Night Thoughts and Henry Vaughan by David Young

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This engaging and thought provoking volume consists of two poems. The first, "Henry Vaughan," just longer than one hundred lines, acts as a gateway to the second, "Night Thoughts," a book-length poem of nearly one thousand lines. Together they form one of the more ambitious projects undertaken by an American poet in recent years. "Henry Vaughan" reflects the sensibility of the seventeenth-century Welsh mystic poet whose visionary night pieces form a kind of inspiration for "Night Thoughts," which is set entirely in David Young's backyard on an August night in 1991 during the Perseid meteor shower. "Night Thoughts" is filled with natural history, scientific issues, and a richly meditative engagement with memory, emotion, and history. A self-confessed bioregionalist who has made northern Ohio his home for thirty-three years, Young uses the local as his doorway to the universal. Of his first, prizewinning collection, Sweating Out the Winter (1969), one of the judges, William Stafford, noted: "David Young's poems continually loop the immediate into the far, and make enriched returns." That statement still stands for the practice of this remarkably consistent and distinctive poet.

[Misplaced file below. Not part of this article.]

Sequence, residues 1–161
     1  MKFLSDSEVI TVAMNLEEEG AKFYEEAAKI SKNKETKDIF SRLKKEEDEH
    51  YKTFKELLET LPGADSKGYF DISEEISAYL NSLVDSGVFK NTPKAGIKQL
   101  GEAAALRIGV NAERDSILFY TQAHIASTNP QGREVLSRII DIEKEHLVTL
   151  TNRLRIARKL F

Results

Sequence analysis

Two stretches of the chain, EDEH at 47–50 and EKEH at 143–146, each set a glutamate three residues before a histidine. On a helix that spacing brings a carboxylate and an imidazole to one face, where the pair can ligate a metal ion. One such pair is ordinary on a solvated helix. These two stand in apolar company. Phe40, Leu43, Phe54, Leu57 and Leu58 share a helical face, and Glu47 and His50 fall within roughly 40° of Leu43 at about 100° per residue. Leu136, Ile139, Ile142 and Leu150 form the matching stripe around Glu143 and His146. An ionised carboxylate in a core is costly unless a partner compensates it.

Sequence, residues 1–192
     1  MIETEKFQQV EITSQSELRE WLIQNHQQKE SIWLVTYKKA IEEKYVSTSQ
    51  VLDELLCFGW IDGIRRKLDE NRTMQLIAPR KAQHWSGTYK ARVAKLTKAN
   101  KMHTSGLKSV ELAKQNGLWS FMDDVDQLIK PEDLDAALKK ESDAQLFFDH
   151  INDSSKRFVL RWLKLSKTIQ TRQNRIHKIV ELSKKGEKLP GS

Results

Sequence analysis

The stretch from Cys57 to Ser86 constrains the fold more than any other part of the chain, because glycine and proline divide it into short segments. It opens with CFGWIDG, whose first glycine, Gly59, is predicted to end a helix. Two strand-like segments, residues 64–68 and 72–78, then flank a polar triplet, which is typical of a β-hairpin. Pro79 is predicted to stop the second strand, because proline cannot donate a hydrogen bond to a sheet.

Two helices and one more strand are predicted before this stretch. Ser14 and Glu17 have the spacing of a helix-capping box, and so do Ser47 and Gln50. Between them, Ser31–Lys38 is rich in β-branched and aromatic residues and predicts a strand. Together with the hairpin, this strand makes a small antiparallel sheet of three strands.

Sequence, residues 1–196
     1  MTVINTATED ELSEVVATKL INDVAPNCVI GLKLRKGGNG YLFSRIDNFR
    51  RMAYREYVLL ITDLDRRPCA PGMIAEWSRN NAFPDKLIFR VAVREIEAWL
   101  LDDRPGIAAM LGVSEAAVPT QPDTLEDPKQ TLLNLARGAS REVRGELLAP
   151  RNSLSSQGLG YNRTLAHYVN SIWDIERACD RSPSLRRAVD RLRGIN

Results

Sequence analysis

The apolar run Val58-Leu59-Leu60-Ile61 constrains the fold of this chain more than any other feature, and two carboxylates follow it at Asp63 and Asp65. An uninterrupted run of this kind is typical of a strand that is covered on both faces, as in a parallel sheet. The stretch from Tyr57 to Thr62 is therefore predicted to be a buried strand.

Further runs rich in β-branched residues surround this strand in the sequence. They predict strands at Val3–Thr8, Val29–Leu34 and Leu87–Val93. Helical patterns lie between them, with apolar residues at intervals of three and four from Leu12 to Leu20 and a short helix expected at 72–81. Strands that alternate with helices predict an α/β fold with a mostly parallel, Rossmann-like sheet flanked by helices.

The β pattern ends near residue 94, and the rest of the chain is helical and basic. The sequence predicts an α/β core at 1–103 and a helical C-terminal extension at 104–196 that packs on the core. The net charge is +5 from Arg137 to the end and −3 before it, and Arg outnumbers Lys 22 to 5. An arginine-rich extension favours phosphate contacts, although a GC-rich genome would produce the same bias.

About David Young

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DAVID YOUNG journeys from his front porch halfway across the globe and back to his Ohio home in the circuit marked by Foraging. His emphasis is on our mortality and survival; ghosts and mushrooms (hence the title) are central poetic images; wild mushrooms of an odd beauty--variegated, unpredictable, delicious, poisonous, hallucinogenic--taking their life from decay, recyclers of matter, rather as poets are. He sees nature as a haunted house, and as a presence whose meaning fascinates and eludes us. Some of his poems are spoken by ghosts, others addressed to ghosts--for example, the elegy for James Wright, which invites his spirit to return to his native Ohio.
Published September 1, 1994 by Ohio State Univ Pr (Trd). 63 pages
Genres: Literature & Fiction. Fiction

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we are introduced to ``a blue Ohio night'' and a gardener who produces a box of Ohio Blue Tip matches and tells us: ``I'm going to put you in this matchbox now/ and take you for a stroll around my yard.'' And so we follow through six sections of poems, each of these extended one hour deeper into ...

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